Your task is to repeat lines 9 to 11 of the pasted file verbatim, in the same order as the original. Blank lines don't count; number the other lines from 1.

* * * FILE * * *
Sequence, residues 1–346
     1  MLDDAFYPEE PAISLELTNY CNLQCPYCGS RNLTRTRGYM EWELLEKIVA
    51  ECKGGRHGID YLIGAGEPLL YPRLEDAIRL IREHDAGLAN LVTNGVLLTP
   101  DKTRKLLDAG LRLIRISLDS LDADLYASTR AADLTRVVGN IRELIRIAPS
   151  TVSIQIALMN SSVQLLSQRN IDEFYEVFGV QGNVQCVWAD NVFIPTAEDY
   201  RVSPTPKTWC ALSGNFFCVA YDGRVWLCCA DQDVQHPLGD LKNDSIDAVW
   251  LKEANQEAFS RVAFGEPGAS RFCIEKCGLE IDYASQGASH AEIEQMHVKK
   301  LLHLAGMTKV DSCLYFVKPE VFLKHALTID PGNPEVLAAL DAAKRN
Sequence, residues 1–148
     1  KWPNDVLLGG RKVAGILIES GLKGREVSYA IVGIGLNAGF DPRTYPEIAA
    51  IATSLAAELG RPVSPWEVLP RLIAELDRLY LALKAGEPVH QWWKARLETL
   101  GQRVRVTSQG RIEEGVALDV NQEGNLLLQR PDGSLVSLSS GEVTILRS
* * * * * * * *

Sequence, residues 1–148
     1  KWPNDVLLGG RKVAGILIES GLKGREVSYA IVGIGLNAGF DPRTYPEIAA
    51  IATSLAAELG RPVSPWEVLP RLIAELDRLY LALKAGEPVH QWWKARLETL